Thursday, February 21, 2008

Condie's Debut A Refreshing Change

(Image from Amazon.com)
I've read so many crappy LDS novels, that it's really refreshing to find one that isn't. Don't get me wrong - I'm not giving Yearbook by Allyson Braithwaite Condie an A+, I'm just saying it was a very decent effort. It suffers from issues that plague all LDS fiction, but all in all, it was not a bad book. In fact, it was actually pretty good.
This young adult novel revolves around that most venerable of institutions - the local high school. In its halls, we are introduced to a group of students and teachers, who are beginning a new year full of hopes, fears and anxieties. Some of them (like class clown Dave Sherman) cruise through the hallways with confidence, others (like Goth Avery Matthews) slink by hoping no one will notice them, while still others (like English teacher Mr. Thomas) only want to forget their despair long enough to make it through the day. Most of the people profiled are LDS, but not all. Even among the Mormons, there is some diversity as the kids struggle to find, keep or strengthen their testimonies. Each one is different, but as the school year wears on, they all experience both trials and triumphs.
The voyeur in me liked peeking at each of the character's stories, although some rang more true than others. I found Andrea Beckett's storyline most authentic. She's a perfectionist, who works hard to make her life look effortlessly neat and tidy. For the most part, she succeeds, but deep inside, she's terrified of losing her composure. Her parents' divorce has embittered her, making her pull away from church and friends. On the outside, she's still perfect little Andrea, but on the inside she's screaming for help. Other characters leaned more toward the stereotypical. For instance, Michaela Choi is a typical Molly Mormon, with few problems more intricate than trying to catch Ethan Beckett's eye (which she already has, she just doesn't know it). The waters are pretty calm for her - in fact, she even manages to convert a friend during the school year. Another example is Avery Matthews, an angry Goth girl who feels as if she can't shake her reputation as the sister of two bad-boy-troublemakers. Predictably, she smokes, gets in trouble at school, and writes poetry. I thought Condie could have been a lot braver - after all, good girls sometimes get in trouble, too, and not all Goths are poets.
Like all LDS novels, Yearbook strives to be uplifting, and it is. There's a lot of talk about forgiveness, repentance, hope and endurance. I won't lie to you - in some spots, it gets mighty preachy, which is my pet peeve with YA literature of any variety. Condie seems capable enough as a writer to get her message across in a more subtle manner; she really doesn't have to resort to sermonizing, which seems alternately phony and preachy.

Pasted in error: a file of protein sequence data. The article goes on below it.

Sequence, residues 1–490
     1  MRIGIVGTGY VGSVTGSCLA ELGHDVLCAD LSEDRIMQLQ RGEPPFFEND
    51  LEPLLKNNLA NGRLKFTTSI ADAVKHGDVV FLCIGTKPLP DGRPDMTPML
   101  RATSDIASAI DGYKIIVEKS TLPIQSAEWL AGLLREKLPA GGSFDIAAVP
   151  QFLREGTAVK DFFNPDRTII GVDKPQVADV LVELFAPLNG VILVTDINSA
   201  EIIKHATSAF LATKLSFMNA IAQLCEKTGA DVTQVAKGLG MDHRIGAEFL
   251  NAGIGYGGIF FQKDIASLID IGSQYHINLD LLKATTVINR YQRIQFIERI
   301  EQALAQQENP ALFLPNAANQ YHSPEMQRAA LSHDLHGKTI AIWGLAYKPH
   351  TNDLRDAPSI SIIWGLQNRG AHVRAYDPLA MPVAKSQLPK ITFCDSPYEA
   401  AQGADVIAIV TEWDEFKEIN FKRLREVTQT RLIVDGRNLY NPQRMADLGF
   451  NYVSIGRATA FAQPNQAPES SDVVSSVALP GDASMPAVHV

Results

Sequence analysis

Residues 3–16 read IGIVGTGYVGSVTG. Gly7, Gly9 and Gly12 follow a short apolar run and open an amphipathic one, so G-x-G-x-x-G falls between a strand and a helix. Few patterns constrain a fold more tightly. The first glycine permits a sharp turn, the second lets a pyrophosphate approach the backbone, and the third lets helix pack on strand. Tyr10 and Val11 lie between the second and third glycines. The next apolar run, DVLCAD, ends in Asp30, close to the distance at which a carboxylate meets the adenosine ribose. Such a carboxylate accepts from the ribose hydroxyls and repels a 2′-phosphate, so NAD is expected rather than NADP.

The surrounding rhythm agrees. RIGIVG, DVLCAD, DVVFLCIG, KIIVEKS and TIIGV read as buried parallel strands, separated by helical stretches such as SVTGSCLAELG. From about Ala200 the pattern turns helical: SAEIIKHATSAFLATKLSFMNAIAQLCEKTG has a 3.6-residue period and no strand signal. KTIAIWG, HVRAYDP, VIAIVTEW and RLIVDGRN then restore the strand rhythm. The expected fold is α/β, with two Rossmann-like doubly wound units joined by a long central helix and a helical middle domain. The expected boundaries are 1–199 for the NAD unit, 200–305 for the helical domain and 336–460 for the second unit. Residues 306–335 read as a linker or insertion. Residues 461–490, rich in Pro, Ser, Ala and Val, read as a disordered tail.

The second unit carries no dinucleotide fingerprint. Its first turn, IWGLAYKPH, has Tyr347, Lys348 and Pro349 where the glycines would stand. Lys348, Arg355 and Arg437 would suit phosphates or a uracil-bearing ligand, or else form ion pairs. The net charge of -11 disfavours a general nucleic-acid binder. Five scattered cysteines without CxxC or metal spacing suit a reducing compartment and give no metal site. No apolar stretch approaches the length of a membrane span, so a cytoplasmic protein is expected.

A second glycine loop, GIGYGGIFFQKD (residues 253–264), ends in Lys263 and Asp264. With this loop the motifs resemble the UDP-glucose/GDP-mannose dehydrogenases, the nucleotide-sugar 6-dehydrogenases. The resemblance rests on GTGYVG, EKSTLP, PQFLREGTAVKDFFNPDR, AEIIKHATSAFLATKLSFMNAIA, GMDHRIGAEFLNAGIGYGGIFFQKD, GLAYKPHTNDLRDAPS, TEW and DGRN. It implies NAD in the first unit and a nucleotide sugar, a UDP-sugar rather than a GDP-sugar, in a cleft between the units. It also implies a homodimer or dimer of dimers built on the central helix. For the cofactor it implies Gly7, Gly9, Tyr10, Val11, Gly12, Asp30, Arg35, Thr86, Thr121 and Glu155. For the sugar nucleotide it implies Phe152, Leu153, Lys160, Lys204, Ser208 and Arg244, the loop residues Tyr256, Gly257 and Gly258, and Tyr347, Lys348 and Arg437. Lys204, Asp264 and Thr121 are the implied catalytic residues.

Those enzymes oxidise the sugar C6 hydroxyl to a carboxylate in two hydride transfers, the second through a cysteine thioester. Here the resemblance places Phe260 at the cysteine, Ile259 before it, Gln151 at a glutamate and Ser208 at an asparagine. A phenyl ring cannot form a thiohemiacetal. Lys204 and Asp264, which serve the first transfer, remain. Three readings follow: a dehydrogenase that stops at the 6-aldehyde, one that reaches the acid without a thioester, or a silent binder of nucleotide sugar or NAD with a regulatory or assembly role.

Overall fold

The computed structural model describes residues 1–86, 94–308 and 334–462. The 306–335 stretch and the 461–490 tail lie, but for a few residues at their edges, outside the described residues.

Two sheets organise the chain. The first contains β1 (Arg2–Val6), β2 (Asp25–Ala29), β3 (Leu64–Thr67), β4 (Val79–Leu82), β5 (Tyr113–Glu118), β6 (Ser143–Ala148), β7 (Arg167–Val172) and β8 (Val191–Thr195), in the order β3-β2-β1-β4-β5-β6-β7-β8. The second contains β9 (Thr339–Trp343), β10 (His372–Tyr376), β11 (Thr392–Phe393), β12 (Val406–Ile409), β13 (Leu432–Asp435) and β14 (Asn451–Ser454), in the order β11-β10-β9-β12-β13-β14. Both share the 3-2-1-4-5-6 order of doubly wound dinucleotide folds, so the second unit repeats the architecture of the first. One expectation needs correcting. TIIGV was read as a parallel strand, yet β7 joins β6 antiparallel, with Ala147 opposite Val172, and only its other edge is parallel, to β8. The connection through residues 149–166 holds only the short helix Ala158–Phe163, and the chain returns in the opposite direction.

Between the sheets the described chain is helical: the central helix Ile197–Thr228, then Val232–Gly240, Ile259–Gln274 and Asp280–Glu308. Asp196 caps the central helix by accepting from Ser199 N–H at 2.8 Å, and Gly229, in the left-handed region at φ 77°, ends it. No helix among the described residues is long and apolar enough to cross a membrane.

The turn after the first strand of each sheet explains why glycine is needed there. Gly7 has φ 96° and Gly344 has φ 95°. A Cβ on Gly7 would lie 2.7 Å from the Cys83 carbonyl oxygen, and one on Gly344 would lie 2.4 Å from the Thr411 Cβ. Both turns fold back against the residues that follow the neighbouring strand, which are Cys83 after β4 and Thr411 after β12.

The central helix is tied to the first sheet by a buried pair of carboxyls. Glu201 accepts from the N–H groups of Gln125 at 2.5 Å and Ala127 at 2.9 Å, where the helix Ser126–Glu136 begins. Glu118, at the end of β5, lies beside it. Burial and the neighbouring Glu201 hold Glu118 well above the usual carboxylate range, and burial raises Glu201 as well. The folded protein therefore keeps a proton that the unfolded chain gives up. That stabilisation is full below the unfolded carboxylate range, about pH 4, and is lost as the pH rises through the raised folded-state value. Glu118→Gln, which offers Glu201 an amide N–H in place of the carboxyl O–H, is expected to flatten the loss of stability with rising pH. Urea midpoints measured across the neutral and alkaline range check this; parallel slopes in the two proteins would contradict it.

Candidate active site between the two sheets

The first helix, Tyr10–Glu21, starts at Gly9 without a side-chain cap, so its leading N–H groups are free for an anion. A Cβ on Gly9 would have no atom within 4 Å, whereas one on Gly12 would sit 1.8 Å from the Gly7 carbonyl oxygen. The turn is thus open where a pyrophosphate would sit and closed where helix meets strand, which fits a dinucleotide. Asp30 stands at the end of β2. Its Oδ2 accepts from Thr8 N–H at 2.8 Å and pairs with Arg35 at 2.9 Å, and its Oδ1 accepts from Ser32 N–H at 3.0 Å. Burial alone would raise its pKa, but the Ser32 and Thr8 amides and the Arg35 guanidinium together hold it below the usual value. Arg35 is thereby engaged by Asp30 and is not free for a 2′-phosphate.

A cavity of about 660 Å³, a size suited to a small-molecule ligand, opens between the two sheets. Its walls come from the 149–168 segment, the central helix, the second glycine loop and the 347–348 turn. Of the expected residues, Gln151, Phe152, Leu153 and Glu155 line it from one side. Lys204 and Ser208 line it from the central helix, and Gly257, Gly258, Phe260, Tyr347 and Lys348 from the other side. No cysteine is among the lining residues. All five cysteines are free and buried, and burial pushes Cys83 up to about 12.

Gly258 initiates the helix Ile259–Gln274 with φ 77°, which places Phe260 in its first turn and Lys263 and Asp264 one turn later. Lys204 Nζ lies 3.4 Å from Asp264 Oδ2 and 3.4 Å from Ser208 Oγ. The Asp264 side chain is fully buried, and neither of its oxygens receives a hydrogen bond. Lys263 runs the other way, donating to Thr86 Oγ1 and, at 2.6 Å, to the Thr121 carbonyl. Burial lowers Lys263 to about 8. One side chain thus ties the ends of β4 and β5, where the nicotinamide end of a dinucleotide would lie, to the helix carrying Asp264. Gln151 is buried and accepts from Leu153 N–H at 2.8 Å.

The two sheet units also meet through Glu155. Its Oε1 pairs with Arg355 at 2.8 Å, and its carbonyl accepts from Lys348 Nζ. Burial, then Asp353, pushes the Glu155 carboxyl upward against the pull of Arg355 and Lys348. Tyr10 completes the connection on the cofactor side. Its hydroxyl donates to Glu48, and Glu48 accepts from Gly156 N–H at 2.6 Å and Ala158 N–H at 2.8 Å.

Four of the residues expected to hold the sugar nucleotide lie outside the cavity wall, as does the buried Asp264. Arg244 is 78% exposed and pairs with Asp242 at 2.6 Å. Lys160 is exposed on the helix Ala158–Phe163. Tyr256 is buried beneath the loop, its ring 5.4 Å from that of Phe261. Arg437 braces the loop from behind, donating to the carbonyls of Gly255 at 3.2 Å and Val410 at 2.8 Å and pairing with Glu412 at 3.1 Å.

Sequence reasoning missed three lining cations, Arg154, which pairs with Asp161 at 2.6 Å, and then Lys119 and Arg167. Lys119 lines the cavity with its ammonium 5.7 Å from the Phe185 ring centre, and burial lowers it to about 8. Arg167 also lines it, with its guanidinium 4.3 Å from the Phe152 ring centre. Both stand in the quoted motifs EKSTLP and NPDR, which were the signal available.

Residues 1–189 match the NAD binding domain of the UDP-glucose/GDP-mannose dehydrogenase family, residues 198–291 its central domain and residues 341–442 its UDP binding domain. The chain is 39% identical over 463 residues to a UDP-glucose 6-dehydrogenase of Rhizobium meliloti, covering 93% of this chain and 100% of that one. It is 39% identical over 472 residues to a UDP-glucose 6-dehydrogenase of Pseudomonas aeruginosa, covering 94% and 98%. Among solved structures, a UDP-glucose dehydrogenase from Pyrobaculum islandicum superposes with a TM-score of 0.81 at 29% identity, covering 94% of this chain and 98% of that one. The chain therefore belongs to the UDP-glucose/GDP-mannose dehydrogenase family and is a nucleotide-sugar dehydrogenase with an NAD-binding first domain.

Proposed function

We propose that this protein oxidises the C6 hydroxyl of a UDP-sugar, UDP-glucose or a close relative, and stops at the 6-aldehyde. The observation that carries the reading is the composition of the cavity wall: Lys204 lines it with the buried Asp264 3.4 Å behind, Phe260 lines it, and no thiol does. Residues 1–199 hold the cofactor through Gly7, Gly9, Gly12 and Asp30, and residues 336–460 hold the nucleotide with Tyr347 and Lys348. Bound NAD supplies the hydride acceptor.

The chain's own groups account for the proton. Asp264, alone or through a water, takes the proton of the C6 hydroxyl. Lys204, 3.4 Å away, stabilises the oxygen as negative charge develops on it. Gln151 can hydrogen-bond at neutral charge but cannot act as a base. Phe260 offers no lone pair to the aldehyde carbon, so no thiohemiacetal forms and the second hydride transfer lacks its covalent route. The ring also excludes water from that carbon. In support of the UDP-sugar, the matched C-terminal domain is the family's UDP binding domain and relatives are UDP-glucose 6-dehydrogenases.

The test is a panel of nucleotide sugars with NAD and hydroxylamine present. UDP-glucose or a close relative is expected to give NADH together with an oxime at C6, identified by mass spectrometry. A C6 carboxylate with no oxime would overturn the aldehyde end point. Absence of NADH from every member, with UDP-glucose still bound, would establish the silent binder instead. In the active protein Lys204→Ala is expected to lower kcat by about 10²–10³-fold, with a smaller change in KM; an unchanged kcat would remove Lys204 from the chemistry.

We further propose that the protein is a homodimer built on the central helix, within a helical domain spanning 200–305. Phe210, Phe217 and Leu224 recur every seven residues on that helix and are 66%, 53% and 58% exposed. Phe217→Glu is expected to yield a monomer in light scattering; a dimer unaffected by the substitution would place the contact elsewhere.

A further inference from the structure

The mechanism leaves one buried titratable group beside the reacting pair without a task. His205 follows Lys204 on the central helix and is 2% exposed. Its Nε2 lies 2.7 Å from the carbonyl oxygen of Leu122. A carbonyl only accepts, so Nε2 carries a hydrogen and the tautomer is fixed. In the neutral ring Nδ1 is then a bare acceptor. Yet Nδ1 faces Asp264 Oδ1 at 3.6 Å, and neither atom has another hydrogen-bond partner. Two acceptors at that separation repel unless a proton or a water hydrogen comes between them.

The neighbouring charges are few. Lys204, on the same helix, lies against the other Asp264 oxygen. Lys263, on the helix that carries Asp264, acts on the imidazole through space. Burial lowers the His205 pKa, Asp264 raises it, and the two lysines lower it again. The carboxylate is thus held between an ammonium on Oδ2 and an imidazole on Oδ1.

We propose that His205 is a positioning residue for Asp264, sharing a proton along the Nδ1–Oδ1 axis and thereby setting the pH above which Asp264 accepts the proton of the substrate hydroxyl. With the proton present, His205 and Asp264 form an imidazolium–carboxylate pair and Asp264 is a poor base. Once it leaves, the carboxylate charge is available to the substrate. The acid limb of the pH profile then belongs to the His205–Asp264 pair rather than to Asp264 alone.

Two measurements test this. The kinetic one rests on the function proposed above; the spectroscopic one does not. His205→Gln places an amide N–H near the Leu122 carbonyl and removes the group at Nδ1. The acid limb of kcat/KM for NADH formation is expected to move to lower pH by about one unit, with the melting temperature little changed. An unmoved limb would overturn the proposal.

Another thing I thought the novel lacked was cohesion. Its theme is spelled out on the back cover: People are not always what they seem. Condie makes this point by allowing a different character to narrate each chapter, thus giving us a glimpse into their thoughts and feelings. However, the stories kind of stand alone, without an overall plot to unite them. The fact that all the characters have something to do with the high school works in a way, but bumps off track when Condie includes the Becketts' grandmother as one of the narrators. It was all a bit random without a unifying theme.
Still, Yearbook offers an interesting glimpse into a group of individuals who are more than they seem on the outside. It's an easy, pretty well-written novel that kept me reading. I especially liked Condie's idea of incorporating yearbook inscriptions in the story - I'm not sure I've ever seen that done before. To me, this proves that Condie has a lot of potential, and that not all LDS fiction is crap. Refreshing, isn't it?
Grade: B

1 comment:

  1. It's good to know there is some LDS fiction out there that isn't too bad. I read a decent amount of LDS fiction in high school but have tried to avoid it since - way too cheesy for me. Maybe I will have to give this one a shot.

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